Bumping shoved by fans; Tapping fenders to gain late advantage crashes as NASCAR technique; Auto Racing


Cale Yarborough and Donnie Allison stood toe-to-toe swinging their fists at each other's heads.

Bobby Allison pulled up and started swinging at Yarborough's head.

Track workers and officials blew across the infield and toward the fracas, with purposes unclear. A procession of stock cars roared past the scene.

It was 1979, and chaos had a firm grip on the backstretch at Daytona International Speedway. All of it in front of the cameras of CBS, which was televising the 500 live for the first time.

Some say that the mass appeal that NASCAR enjoys took root that day.

America -- particularly folks in the Northeast, who were besieged by a snowstorm and in front of their television sets that day -- got its first big look at the rocking, rollicking sport of NASCAR. And loved it.

There was more rocking and rollicking two weeks ago at Bristol Motor Speedway. But apparently, not all of America loved it.

A very large portion of the 135,000 fans at Bristol stood, booed and gave thumbs down to one of the sport's most popular drivers -- Dale Earnhardt.

Earnhardt had just won the race by shoving Terry Labonte -- not one of the sport's most popular drivers -- into a wall on the last lap. A tactic that heretofore would have been applauded and written of as "just racing" was ripped by fans with their boos and drivers with their words.

Ricky Rudd, who was caught up in the wreck, fumed.

"All I know is I took the white flag figuring I had a great chance at winning the race," he said.

Sterling Marlin talked about a "neck-stretching" for Earnhardt if it were to happen again.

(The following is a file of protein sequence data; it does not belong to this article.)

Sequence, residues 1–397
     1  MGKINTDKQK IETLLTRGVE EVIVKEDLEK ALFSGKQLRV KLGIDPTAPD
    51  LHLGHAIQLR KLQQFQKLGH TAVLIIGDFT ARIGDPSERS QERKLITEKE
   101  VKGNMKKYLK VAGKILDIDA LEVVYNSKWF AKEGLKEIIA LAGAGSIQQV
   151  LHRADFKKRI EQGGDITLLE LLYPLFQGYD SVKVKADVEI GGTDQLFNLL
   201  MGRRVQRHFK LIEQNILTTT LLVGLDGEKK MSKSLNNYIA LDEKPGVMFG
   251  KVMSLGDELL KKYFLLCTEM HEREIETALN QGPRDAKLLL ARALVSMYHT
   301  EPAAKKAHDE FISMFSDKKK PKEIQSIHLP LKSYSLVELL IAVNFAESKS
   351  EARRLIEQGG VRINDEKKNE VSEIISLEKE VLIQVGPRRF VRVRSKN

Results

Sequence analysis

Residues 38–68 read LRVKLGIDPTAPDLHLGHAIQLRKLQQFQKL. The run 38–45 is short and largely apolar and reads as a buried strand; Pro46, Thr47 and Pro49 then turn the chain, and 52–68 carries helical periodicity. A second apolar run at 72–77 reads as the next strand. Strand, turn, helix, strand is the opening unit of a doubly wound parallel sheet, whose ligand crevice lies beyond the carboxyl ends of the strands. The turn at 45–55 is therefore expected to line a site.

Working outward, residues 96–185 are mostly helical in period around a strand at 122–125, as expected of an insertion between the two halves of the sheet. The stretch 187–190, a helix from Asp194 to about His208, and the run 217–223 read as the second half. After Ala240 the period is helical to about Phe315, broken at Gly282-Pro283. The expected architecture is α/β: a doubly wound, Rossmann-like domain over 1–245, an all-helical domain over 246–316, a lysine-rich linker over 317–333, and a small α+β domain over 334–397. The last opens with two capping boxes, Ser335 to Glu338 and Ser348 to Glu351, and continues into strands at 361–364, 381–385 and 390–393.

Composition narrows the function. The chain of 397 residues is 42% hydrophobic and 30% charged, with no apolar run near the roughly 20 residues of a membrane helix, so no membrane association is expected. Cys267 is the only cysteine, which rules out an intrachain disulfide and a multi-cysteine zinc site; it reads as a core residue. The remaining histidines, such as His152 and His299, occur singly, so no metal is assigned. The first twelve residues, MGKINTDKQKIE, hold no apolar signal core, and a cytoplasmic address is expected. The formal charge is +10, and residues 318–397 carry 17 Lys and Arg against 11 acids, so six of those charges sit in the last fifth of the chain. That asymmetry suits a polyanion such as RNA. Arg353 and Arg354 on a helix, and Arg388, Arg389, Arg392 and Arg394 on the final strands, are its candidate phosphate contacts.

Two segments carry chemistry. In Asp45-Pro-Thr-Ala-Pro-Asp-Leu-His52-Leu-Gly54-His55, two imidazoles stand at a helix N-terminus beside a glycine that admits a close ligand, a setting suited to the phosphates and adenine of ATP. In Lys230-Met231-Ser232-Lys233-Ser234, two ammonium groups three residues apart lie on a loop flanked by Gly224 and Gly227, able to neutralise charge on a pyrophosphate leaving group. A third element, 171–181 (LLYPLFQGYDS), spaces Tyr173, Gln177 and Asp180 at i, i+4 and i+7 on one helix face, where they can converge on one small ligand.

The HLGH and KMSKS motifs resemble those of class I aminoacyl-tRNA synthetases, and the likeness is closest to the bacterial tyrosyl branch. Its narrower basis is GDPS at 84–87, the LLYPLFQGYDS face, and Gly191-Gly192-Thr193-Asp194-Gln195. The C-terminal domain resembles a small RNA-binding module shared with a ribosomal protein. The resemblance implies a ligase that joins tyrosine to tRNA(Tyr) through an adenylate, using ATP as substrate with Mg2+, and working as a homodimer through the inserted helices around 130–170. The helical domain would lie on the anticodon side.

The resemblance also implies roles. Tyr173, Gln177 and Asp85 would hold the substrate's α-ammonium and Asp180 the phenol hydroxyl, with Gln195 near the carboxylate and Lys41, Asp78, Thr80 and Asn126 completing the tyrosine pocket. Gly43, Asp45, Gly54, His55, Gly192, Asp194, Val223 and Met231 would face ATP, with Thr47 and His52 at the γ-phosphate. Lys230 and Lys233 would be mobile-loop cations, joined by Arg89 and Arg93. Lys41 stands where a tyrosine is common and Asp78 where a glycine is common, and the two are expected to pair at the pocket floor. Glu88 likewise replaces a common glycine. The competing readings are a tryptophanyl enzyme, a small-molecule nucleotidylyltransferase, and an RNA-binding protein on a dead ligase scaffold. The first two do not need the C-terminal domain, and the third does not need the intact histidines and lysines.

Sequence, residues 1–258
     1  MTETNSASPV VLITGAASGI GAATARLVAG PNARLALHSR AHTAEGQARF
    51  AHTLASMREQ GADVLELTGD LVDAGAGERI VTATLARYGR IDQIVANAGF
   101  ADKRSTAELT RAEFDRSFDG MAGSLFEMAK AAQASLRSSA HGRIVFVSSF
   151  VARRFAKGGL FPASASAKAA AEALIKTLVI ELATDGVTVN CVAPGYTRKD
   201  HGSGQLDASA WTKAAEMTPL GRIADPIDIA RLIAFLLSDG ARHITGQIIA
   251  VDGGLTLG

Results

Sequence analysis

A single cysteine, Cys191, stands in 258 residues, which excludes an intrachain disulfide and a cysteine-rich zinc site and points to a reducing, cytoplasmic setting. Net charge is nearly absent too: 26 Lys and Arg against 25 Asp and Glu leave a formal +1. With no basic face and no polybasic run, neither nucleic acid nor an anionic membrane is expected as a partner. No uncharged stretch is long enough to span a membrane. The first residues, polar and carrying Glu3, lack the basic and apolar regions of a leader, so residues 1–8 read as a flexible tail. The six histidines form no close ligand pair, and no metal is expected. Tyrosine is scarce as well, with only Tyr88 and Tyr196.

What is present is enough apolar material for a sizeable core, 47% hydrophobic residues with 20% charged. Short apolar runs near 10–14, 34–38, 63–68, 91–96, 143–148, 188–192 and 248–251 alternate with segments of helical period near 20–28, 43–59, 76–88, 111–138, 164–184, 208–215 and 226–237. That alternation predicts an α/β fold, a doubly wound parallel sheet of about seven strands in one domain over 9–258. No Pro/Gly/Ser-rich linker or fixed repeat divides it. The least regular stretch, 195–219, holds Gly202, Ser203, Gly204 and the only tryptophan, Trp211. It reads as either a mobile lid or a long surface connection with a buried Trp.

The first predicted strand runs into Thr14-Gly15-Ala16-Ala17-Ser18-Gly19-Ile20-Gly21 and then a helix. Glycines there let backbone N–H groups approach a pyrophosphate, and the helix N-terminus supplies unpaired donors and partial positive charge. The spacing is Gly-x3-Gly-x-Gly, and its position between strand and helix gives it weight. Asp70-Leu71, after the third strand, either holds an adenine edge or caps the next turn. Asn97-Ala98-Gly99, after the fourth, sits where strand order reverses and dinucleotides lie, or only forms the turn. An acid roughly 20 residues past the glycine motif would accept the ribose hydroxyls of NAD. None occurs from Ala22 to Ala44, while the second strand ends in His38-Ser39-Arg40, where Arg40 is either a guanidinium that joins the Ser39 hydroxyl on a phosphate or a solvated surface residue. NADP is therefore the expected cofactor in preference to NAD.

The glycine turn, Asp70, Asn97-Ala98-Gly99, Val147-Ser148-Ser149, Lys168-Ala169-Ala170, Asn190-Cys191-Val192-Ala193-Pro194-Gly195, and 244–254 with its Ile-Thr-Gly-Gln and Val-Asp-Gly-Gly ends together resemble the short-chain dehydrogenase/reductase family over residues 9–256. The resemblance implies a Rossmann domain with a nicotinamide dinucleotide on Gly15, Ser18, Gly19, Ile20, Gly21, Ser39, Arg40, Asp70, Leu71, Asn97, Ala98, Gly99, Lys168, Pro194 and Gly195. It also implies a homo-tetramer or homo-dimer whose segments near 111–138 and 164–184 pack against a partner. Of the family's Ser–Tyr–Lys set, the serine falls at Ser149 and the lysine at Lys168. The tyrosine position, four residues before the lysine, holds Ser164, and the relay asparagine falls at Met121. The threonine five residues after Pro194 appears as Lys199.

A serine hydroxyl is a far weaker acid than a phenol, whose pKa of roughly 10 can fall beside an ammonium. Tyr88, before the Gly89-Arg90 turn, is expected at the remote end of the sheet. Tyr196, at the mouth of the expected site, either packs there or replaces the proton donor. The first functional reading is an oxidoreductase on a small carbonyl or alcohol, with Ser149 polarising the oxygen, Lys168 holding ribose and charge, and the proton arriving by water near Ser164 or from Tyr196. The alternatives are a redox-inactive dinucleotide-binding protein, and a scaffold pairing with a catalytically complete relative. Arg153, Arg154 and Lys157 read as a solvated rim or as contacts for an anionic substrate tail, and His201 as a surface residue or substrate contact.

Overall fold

And Labonte threatened to retaliate, saying Earnhardt had better "tighten up" his seat belts.

NASCAR officials reviewed tapes. And did nothing.

Earlier this year, Casey Atwood bumped Jeff Green out of the way on the final lap at the Busch Grand National race in Milwaukee. Atwood, who secured his first Busch win with the tactic, defended himself.

"If he had had the better car, I wouldn't expect anything different [from him]," Atwood said. "The faster car should win the race."

Phil Parsons, who was on the Milwaukee Mile track that day, said that's nonsense.

"I guess I'm from a different school," Parsons said. "There was no question that Casey had the best car. But knocking somebody out of the way is not the way to do it."

Tony Roper, who also was in the Milwaukee race, said: "I wouldn't do it myself. A bump and run on the last lap is the wrong way to win a race."

So, is it dirty pool? Depends on who's holding the cue.

Earlier this year, Labonte himself was asked his reaction to an incident in which Jeff Gordon bumped Dale Jarrett from behind as the two were racing for third place at New Hampshire International Raceway.

Labonte responded, "I'm sure they were just racing."

He wasn't quite so understanding after the Bristol race.

After the finish, many in the stands and in the garages turned their eyes toward the Winston Cup hauler and waited for some kind of penalty to be meted out.

When there was none, many wondered why. After all, in the very same race, Jerry Nadeau was penalized two laps for bumping Jarrett from behind. Why not Earnhardt?

"I guess it depends on who you are," Bobby Labonte said.

And the circumstances.

"I think NASCAR wants to look at it is that if it's good racing, that's OK, but don't deliberately take anybody out," Bobby Labonte said. "There's a fine line on what that is."

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